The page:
How to Use Green Packaging to Appeal to an Eco-Conscious Demographic
What does it mean to be green? If you were to say “I want to be greener”, this would have different meaning based on the point in time you said it. At one point people may interpret that to mean you wish you were sicker. Or, they may have thought you wanted more money. A select number may have thought you literally wished your skin was greener. But today, the word is widely understood to stand for environmental conservation. To be green is to be aware of your environmental impact, and to take actions to reduce it. Companies can use these pre-conceived notions about the color to appeal to a customer base that shares these values.
Knowing that green is the color of nature and the organic world, the next question is how you can make green work for your brand. If your company is going to strive to have a low environmental impact, then utilizing green would be a good way to highlight this. However, you can still use it if you’re apathetic towards the environment. Green still has positive effects that make it a great branding choice, like an association with freshness. Our prehistoric familiarity with green also make it friendly and welcoming to most customers. Studies have shown that consumers find green in branding to mean young and playful. It represents new beginnings or growth. It is generally associated with nature, growth and money. Capture this same magic with our green QuickQlick™ bags.
Whole foods is the hippy supermarket your college professor probably shopped at. The supermarket is famous for its fresh ingredients, organic produce, and environmentalism. Whole Foods sacked plastic bags in 2007, far earlier than most stores. They use paper bags, or specially made biodegradable plastic bags. But expect some dirty looks if you go into a Whole foods without your reusable tote bag. As far as logo design goes, whole foods keeps it simple. They use a Pantone 342 C green circle, with their store name in the center. Not much else, aside from a leaf on the “o” of whole to make it look like an apple, or some kind of fruit. The image that they are trying to create is obvious. Natural, organic, and fresh. The darker shade of green they use makes the logo appear more natural. It more closely captures the color green seen in nature. This aesthetic and their commitment to natural products is what compels the eco-conscious customers to go there and shop. It is most certainly not their prices. Customers that strive to find green alternatives to their grocery shopping are willing to spend more to get organic and eco-friendly products.
One company that is trying to project the air of greenness while doing the exact opposite is BP. British Petroleum is one of the world’s largest oil and gasoline suppliers. Following the rebranding in 2000, BP added the tagline “Beyond Petroleum” to symbolize their plans to reduce the carbon footprint of the company and work on more green energy solutions. The problem? The average person is not nearly as stupid as they assumed. Most people saw through the thinly vialed attempt, and recognized the contradiction between promoting eco friendliness and drilling for oil. This was not at all helped by the Deepwater Horizon oil spill in 2010, during which 210 million gallons of oil was spilled into the Gulf of Mexico. Still, BP is sticking to its branding strategy. Despite a net loss of 65 billion from the spill, they are still around and pumping. You can take BP’s horrible rebranding as an example of what not to do. Using colors that completely go against your brand image will not have positive effects. Imagine if QQ Studio, a brand that specializes in colorful packaging, had a black and white logo. It wouldn’t make sense.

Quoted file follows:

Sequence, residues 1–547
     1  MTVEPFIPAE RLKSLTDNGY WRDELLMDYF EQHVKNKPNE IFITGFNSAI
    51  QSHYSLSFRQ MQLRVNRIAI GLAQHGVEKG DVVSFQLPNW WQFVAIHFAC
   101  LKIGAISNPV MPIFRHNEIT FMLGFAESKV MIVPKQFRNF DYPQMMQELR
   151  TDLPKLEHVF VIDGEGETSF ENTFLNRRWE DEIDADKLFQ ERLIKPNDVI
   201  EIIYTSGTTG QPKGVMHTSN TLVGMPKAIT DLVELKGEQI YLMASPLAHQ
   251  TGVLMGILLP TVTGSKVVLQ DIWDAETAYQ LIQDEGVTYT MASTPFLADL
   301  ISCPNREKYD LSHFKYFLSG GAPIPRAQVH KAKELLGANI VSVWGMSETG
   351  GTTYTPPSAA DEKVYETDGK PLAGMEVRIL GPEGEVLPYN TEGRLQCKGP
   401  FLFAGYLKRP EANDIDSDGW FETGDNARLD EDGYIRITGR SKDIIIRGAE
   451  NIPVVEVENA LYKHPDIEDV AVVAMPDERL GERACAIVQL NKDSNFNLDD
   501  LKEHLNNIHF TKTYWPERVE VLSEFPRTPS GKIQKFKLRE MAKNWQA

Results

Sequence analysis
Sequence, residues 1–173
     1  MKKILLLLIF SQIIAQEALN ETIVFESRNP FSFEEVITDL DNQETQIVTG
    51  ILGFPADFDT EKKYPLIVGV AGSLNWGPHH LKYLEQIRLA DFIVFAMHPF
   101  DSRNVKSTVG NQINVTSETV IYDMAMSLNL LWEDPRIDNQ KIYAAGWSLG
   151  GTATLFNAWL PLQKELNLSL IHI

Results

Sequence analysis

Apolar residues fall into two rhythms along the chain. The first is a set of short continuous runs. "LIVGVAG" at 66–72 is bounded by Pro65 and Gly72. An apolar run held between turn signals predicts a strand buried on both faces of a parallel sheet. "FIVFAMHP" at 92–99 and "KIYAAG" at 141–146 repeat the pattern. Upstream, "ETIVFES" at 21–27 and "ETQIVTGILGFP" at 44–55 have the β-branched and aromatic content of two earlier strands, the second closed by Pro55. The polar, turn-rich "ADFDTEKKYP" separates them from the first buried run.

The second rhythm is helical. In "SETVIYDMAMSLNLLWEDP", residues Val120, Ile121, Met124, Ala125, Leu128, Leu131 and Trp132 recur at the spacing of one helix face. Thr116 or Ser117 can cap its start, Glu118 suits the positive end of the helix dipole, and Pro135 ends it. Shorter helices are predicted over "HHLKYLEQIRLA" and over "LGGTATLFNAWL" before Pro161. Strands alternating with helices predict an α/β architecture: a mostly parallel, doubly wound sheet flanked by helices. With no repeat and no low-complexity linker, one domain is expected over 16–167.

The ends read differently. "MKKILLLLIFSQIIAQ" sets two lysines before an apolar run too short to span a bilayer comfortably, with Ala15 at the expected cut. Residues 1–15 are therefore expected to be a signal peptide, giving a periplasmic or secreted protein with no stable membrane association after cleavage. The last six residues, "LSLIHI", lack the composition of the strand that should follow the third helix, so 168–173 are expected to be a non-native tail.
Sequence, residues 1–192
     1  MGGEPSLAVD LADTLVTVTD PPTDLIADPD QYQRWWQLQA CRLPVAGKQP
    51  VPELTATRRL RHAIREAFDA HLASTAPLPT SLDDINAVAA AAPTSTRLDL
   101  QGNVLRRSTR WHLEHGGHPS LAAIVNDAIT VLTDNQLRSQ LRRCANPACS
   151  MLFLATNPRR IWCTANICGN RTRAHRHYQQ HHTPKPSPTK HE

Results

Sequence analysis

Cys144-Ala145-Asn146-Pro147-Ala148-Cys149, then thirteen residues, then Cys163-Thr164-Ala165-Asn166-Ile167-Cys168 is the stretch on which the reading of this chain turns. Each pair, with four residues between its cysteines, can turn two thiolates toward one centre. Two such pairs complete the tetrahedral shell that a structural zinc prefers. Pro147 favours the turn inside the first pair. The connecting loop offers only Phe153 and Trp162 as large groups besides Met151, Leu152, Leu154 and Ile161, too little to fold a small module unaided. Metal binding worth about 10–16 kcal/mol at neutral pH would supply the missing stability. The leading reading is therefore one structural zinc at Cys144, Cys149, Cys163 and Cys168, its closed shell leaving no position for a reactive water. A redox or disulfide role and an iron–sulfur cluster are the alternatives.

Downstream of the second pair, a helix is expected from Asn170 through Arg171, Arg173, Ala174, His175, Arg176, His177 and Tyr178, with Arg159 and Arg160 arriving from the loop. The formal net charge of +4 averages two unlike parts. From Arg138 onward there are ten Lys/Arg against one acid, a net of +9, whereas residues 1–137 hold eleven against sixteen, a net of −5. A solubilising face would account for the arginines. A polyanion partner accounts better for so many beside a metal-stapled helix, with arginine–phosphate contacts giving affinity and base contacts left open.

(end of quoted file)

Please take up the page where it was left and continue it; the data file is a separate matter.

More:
Hey, that’s us. You may have noticed that QQ Studio uses a combination of green and blue for our branding. What made us pick these colors? Green and blue is a representation of the sky, sea and land. This is a direct reflection of how QQ Studio encompasses all colors in the spectrum that can be seen between the sky and the sea. Blue and green represent the earth, and since we provide all the colors on Earth, it was a fitting choice. The blue and green also generate a calming effect, which makes it easier for businesses to make a decision and build trust with our brand. The green also symbolizes growth. We aim to help businesses grow their company and make money, which is also green. How’s that for an answer?
The combination of green and blue together creates a different effect than the two colors on their own. At QQ Studio, we understand how colors work with each other. If you look at our packaging boxes, you can see that one part is green and the other is blue. We did this to make the boxes distinct, and enjoyable to look at. You can pair green with blue to represent earth, or you can pair it with red to represent Christmas.
You can find examples of packaging bags that draw off these tenants in our green collection. These packages were inspired by the same natural and organic ideas that companies like Starbucks are trying to encapsulate. Take a look at our Forest Green QuickQlick™ pouches for an example of a bag that evokes a fresh and creative feeling in the customer. These Forest green pouches are excellent for storing craft supplies because of the youthful coloring.
If you are packaging food, consider our Half Emerald Green QuickQlick™ pouches. The translucent window lets the stored food inside the bags be seen by the customers so that they know exactly what they are buying. The matte green on the bag will assure the customer that the food is organic and fresh, thanks to the connotations we discussed earlier.
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